Latino Health Access recognized the needs of the local Latinx community and quickly implemented a strategy to identify those who were sick and help them isolate. The organization hosted drive-through testing clinics, delivered food to people who needed to stay at home, and mobilized its team of promotores — Spanish-speaking community health workers — to run a bilingual call center for the community’s COVID-19 questions. While the promotores are not hired or paid as contact tracers, they play an important role in minimizing transmission of the coronavirus. “We are telling people, ‘We have your back,’” Bracho said.
CHW/Ps Go “Beyond Tracing”
Community health workers and promotores (CHW/Ps) are “essential components of a contact tracing strategy because of their relationships with both individuals and health care systems in the community, their understanding of community culture, and their knowledge of social supports needed to help people through this pandemic,” according to a report by the consumer health advocacy organization Families USA (PDF).
As trusted members of their communities, CHW/Ps are particularly well-suited to the “beyond tracing” aspects of the contract tracer’s job. (Learn about the vital role CHW/Ps have long played in community health and well-being.)
Take, for example, the state of Massachusetts, whose contact-tracing program is run by the nonprofit Partners In Health. The organization insisted that “tracers must come from the hardest-hit communities and be able to speak Spanish, Haitian Creole, or whatever language the communities do,” Jennifer Steinhauer and Abby Goodnough reported in the New York Times. The state also had to commit enough money for tracers to provide needed resources to people in self-quarantine.
“We ask: Do you need food? Infant formula? Diapers? Cab fare? Unemployment insurance? And we help them get it,” said Joia Mukherjee, MD, MPH, chief medical officer for Partners In Health. “That way people feel it’s care, not surveillance.”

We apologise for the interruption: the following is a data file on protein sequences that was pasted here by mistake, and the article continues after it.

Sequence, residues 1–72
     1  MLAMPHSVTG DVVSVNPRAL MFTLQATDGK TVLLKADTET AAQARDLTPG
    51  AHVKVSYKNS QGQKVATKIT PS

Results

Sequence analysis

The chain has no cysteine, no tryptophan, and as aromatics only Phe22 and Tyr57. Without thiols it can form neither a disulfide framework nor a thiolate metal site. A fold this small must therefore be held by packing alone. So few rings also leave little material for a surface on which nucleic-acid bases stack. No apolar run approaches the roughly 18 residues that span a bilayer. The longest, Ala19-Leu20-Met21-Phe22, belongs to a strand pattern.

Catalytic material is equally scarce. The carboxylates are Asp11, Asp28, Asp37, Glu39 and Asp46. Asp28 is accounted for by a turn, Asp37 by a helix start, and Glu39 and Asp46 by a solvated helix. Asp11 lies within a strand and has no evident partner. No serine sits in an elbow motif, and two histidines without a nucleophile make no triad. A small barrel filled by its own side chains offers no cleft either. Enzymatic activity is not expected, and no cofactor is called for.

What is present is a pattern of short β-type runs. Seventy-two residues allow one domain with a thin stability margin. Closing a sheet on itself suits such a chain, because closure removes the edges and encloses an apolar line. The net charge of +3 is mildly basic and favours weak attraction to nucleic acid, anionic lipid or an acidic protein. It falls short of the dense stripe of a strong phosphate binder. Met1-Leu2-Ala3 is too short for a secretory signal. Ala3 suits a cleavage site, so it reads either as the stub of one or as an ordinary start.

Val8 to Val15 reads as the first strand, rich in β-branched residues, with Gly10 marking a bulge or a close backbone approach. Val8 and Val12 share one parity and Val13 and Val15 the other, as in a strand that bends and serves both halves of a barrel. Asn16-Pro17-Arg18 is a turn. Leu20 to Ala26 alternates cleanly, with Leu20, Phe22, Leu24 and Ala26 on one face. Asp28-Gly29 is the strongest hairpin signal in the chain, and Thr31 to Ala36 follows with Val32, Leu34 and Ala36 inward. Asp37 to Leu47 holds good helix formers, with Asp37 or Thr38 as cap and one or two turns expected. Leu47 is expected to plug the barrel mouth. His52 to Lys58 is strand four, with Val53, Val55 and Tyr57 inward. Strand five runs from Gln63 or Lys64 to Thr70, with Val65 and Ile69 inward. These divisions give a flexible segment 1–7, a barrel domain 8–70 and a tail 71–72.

A similar effort is underway in California. On August 10, Governor Gavin Newsom announced a new initiative to provide resources and services for those needing to isolate. A coalition of private and philanthropic entities (including CHCF) committed $81.8 million to build up the state’s culturally and linguistically competent contact-tracing workforce, including CHW/Ps, and pay for care resources like food assistance and delivery, support for rent payments, and child care.
These efforts will be crucial for mitigating the spread of the coronavirus among the state’s agricultural workers, who often work and live in conditions that make it nearly impossible to practice physical distancing. Given the large population of migrant workers in California, a new report from the Center for Health Care Strategies emphasizes “a need for multilingual, community-based individuals to serve as CHW/Ps who understand the needs and priorities of those they serve and who can connect them to necessary resources in a culturally responsive way.”
Public Health Departments Maxed Out
So far, only Alaska, Massachusetts, Montana, New York, Oregon, Vermont, West Virginia, and Washington, DC, have enough contact tracers to investigate their current burden of recent cases, according to an NPR analysis. California has approximately 15 contact tracers per 100,000 residents — about half the state’s estimated need.
It’s difficult to piece together a contact-tracing workforce in the middle of a public health emergency, with underfunded and understaffed local public health departments maxed out after five months of pandemic response. That’s why a growing number of health planners and advocates propose hiring CHW/Ps to help. “Stepped-up contact tracing efforts aimed at identifying and counseling those who may have been exposed to COVID-19 may provide a way to hire community health workers,” independent journalist Rob Waters wrote in Health Affairs.
“I think community health workers in the COVID-19 era have the potential for being like the Civilian Conservation Corps of the Great Depression,” Asaf Bitton, MD, MPH, executive director of Ariadne Labs, told Waters. “We could pay huge numbers of people who will be out of work to serve their community; get trained in a set of skills, both inside and outside of health care; produce better health; and offer a massive economic, social, and medical benefit.”
Shewry Joins CDPH
Sandra Shewry, MPH, MSW, vice president of External Engagement for CHCF, has been named acting director of the California Department of Public Health by Governor Newsom. Please join us in wishing her well in this interim role!